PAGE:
Dick

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Dick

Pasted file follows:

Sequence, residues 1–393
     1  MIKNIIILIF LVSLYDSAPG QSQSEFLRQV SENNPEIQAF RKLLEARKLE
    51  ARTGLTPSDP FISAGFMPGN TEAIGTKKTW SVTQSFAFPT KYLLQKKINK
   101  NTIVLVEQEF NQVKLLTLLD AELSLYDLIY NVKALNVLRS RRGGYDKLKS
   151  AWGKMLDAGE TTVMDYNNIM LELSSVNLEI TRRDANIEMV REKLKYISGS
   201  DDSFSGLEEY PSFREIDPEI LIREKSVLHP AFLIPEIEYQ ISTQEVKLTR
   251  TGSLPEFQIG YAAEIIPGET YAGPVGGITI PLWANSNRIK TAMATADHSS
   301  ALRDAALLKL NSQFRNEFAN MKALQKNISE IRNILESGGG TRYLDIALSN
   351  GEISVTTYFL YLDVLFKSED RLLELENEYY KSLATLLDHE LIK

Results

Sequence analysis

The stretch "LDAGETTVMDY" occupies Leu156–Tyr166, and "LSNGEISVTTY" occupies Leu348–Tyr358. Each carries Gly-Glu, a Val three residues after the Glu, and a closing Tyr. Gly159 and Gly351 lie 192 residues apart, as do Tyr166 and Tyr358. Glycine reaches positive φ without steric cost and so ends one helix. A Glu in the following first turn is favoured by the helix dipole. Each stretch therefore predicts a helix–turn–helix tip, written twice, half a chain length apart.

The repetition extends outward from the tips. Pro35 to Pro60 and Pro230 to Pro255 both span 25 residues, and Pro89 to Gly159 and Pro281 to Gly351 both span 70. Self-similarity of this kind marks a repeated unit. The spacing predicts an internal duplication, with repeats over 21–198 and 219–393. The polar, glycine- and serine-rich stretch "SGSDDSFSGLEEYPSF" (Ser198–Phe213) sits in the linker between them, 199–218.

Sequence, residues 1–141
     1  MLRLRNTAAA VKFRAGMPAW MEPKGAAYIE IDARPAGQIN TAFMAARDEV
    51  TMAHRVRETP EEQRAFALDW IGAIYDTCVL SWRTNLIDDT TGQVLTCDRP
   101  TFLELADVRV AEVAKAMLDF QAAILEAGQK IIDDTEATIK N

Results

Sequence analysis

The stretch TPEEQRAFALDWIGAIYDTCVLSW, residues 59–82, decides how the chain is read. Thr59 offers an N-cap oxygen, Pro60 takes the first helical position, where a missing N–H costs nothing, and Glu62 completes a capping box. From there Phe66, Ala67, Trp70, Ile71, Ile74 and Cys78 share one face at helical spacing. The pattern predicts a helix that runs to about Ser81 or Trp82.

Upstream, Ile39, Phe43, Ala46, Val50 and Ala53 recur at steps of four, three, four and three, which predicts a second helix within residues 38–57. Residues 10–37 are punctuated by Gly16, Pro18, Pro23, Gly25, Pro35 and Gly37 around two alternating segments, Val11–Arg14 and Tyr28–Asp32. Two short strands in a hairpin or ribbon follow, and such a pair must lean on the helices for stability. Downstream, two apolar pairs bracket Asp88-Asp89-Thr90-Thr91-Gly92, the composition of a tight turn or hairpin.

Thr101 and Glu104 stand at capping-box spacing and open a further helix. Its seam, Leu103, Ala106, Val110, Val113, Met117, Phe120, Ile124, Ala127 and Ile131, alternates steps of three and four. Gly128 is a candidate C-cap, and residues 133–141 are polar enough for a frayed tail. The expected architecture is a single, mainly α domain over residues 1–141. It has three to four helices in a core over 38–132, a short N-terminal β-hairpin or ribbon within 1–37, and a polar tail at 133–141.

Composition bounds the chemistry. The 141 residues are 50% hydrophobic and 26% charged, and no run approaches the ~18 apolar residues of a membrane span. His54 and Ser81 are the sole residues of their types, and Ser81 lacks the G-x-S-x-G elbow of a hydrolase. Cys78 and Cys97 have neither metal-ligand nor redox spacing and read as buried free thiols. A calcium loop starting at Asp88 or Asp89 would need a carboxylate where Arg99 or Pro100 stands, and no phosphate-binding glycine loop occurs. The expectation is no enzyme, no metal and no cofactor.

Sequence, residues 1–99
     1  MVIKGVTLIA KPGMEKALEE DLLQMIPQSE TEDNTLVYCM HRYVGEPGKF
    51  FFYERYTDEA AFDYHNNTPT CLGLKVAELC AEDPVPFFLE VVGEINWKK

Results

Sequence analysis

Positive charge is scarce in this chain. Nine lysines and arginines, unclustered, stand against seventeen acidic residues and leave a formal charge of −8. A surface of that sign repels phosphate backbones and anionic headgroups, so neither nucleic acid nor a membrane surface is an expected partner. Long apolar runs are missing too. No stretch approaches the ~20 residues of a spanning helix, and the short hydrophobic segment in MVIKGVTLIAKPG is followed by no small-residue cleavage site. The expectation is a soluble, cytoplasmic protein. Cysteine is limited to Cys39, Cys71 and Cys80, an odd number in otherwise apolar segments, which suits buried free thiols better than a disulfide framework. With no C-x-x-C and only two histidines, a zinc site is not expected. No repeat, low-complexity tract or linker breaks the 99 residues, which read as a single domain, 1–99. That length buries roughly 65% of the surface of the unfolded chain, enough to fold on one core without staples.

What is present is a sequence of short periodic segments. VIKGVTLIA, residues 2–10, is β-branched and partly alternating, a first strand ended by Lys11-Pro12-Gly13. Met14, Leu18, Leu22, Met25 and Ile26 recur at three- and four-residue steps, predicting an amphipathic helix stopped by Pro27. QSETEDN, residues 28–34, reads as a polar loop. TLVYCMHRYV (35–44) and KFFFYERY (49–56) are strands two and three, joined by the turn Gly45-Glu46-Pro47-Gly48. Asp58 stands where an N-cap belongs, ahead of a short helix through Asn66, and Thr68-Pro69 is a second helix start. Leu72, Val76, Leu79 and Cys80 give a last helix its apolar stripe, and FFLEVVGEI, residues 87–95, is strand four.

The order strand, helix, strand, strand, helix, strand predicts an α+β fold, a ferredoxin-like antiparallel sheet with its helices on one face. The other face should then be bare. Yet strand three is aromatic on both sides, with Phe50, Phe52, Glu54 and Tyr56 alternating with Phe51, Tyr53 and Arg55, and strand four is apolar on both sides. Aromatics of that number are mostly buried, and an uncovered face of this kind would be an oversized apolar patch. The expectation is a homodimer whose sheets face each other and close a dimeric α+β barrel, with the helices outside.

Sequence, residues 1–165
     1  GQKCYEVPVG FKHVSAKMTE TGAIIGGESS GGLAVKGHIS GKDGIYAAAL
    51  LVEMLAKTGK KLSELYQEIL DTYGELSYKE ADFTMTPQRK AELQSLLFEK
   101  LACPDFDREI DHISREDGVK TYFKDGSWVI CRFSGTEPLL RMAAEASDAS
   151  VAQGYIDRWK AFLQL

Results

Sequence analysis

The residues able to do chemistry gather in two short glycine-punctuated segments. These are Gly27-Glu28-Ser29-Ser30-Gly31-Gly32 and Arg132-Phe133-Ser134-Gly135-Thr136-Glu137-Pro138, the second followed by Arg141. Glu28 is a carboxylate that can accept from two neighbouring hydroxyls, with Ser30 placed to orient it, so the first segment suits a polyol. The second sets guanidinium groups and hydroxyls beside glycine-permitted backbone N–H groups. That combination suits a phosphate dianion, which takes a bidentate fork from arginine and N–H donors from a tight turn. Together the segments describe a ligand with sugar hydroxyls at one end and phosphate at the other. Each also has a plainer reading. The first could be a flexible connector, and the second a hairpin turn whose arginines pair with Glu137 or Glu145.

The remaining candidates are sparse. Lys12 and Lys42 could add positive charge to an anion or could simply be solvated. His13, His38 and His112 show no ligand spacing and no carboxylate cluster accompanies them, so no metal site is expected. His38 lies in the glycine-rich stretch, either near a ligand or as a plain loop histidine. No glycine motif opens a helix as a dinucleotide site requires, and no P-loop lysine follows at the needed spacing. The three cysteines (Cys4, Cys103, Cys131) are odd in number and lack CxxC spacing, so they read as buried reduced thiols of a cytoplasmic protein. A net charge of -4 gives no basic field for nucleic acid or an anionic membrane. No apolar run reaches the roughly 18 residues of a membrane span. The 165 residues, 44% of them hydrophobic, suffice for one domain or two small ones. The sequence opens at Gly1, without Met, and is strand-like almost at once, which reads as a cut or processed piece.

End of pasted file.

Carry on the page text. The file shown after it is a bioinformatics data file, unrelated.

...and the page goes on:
Do you laugh uproariously at the fact that a film about Richard Nixon is titled Dick? If you do, you'll probably enjoy the movie itself, and will most likely be particularly appreciative of its 20 or so jokes revolving solely around the fact that "Dick" is both a nickname for Richard and slang for male genitalia. If you don't, you're likely to find Dick a crushingly obvious, painfully unfunny attempt at satire, a film so misguided that it serves as a veritable handbook on how to mess up a clever idea. Said clever idea is that Woodward and Bernstein's legendary Watergate source, "Deep Throat," was actually a pair of ditsy teens (Kirsten Dunst and Michelle Williams) who stumble upon highly suspicious behavior during a school tour of the White House and end up befriending the President (Dan Hedaya) before setting the stage for his downfall. It's a clever idea, but it requires a far more sophisticated comedic tone than the sub-sitcom slapstick piled on by writer-director Andrew Fleming and writer Sheryl Longin. Much of Dick's supporting cast consists of cast members from Saturday Night Live and Kids In The Hall, but it's unlikely that even John Belushi in his prime could have breathed life into this woebegone farce. Marred by gratuitous montage sequences that seem to take up half the film, Dick is further burdened by pop-culture references obvious enough to have all come from the same issue of Dynamite! A minor controversy has recently erupted over Dick, with vaguely detestable pop-culture gadfly Ben Stein claiming to have come up with the idea for it, but Dick is so overbaked and underwritten that it's hard to imagine anyone wanting to take credit.